Future of Construction


A central platform to exchange best practices and ideas guiding the infrastructure and urban development industry in its transformation, and helping it to address its key challenges.

Lifecycle Performance

A control room with large and small screens illustrating the operations and maintenance phase of construction

Introduction to the Working Group on Lifecycle Performance

by Franziska Hasselmann, Director of Studies, CAS Managing Infrastructure Assets, University of St Gallen (HSG), Switzerland  

The operation and maintenance of a real asset, whether a building, an infrastructure network or an industrial plant, accounts for a substantial share of the real asset’s life-cycle costs (LCC). Yet, these costs tend to be overlooked during the pre-operational phases of a new project, as the owners or developers concentrate on the initial projects costs: design, planning, and engineering and construction. Overlooking these costs means overlooking costs managed by a nation, life cycle or region.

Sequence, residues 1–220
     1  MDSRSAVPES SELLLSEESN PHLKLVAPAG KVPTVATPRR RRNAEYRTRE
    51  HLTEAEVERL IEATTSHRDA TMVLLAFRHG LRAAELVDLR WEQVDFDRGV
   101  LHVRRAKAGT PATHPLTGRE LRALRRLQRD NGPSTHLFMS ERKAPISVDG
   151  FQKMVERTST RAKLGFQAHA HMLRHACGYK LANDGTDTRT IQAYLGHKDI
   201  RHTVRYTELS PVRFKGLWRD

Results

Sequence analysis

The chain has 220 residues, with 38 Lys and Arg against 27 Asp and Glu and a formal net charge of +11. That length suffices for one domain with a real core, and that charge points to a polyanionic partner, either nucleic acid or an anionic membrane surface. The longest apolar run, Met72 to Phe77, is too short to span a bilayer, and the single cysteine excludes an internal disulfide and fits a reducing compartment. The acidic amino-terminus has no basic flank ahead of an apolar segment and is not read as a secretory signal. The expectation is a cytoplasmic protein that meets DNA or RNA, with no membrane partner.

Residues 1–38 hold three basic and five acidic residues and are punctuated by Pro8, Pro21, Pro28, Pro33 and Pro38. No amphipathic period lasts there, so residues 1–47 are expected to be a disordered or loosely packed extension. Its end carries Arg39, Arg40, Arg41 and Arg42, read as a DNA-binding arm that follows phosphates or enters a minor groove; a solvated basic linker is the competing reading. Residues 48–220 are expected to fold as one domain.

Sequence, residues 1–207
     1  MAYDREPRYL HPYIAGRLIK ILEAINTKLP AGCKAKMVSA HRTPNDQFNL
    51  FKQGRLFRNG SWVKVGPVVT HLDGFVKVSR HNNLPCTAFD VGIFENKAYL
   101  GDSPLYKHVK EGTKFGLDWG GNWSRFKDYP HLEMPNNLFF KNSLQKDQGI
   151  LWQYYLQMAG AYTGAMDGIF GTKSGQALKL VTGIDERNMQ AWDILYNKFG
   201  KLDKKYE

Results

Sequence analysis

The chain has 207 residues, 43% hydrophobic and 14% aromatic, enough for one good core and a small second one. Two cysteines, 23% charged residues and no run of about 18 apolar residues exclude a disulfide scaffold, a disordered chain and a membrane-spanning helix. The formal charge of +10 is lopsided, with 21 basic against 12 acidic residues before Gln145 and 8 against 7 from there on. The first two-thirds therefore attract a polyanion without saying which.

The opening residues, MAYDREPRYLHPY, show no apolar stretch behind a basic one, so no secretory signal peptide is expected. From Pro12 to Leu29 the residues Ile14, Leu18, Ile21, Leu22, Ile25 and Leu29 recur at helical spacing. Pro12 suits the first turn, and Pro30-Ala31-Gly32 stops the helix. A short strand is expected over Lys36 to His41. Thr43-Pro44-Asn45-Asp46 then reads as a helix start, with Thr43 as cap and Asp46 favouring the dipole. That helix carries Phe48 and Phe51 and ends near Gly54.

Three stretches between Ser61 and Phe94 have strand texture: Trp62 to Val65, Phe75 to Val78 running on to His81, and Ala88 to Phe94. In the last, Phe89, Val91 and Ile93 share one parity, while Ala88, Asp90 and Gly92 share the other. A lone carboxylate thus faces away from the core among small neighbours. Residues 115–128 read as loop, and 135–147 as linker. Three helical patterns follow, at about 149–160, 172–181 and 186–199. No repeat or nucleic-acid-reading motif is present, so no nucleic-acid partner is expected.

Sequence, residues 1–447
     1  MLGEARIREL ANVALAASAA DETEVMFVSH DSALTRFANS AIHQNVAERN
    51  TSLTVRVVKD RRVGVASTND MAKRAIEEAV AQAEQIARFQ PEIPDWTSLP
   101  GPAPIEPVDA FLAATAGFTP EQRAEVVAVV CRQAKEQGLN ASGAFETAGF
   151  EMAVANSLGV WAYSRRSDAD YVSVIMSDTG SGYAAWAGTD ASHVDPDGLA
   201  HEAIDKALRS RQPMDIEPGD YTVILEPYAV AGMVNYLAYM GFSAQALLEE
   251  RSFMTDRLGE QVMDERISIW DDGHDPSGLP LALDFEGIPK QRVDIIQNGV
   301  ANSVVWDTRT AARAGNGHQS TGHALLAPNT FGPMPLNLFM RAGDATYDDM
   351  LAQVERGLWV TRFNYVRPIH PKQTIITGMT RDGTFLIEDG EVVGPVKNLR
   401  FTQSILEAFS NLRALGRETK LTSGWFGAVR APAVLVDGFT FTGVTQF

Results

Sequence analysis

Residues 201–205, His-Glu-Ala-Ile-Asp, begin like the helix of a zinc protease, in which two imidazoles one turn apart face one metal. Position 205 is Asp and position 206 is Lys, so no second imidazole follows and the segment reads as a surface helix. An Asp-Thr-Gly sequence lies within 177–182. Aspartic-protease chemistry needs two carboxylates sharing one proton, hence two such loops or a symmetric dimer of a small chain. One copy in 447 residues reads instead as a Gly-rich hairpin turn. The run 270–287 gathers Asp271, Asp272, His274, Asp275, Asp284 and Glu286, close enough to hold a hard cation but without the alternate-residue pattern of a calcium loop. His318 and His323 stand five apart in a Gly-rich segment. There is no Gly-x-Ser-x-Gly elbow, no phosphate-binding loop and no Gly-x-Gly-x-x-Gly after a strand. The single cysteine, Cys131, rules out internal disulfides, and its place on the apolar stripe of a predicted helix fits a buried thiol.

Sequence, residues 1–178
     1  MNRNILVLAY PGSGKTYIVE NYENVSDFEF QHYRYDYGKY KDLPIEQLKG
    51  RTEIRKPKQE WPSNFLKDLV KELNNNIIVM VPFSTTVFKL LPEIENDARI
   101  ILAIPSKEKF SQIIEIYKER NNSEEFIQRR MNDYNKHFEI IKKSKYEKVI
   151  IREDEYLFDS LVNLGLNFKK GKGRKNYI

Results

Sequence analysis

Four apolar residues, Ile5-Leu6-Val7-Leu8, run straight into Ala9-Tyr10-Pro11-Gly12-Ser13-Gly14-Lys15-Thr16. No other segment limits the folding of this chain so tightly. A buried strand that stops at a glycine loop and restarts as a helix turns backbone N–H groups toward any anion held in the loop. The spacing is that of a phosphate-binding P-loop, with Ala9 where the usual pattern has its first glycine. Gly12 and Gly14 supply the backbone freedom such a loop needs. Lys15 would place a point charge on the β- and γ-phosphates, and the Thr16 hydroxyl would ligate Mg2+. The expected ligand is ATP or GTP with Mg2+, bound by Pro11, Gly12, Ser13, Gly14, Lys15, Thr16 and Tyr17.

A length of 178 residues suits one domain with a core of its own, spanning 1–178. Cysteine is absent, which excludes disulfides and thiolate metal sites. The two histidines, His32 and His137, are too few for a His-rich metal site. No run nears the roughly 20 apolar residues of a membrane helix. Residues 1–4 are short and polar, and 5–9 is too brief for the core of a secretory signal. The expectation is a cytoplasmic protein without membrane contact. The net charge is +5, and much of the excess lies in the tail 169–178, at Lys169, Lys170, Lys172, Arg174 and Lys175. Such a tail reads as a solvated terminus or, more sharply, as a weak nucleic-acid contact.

Another consideration: investors and infrastructure asset managers aim to increase the value of assets in operation. Opportunities – investments in energy efficiency or smart technologies – yet again, are often neglected.

Furthermore, many infrastructure networks operate inefficiently, and are in need of rehabilitation: in developed countries especially, much of the critical infrastructure (water locks, bridges, ports) dates back to the beginning of 20th century.

Finally, concept development is key for survival in any transforming industry, since concepts co-emerge with industries. LCC performance – a prominent concept for buildings and industrial plants – has been reviewed by this Working Group to address the challenges above. Cognitive maps and daily experience with LCC performance for managing real assets in the infrastructure and urban development industry identified four issues: customer influence, information management, contracting and LCC performance for asset portfolios or infrastructure networks, which differ substantially from individual buildings. For example, the industrial ecology concept for infrastructure networks – by complementing LCC performance – enables information management and contracting to better overcome the fragmentation into pre- operation, operation and maintenance, and incentivizes investment into smart technologies. On the other hand, linking LCC for real assets with industry life-cycle thinking endogenizes the costs for operation and management from a nation’s or industry point of view.

Please access all contribution of the Working Group on Lifecycle Performance here.